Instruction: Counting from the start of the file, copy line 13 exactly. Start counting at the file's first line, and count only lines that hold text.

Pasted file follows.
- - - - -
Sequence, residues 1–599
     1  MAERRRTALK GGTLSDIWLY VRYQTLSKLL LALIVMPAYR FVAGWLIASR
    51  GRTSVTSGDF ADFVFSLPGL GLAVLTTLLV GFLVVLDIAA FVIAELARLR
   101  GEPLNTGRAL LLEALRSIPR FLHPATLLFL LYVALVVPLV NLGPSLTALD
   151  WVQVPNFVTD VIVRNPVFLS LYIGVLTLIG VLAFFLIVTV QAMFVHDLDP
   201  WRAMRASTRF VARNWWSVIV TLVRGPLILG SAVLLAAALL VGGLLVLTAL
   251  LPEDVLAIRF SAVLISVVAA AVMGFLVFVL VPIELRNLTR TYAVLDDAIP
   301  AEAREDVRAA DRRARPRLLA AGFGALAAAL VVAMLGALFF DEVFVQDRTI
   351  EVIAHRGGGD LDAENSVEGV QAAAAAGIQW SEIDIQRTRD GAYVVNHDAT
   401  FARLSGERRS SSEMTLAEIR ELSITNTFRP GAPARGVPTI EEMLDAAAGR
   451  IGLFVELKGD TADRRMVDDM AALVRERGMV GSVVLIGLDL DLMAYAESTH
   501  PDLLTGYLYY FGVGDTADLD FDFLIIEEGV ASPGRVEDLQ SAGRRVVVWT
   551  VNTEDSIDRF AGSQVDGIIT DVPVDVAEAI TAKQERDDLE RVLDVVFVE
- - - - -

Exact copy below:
   551  VNTEDSIDRF AGSQVDGIIT DVPVDVAEAI TAKQERDDLE RVLDVVFVE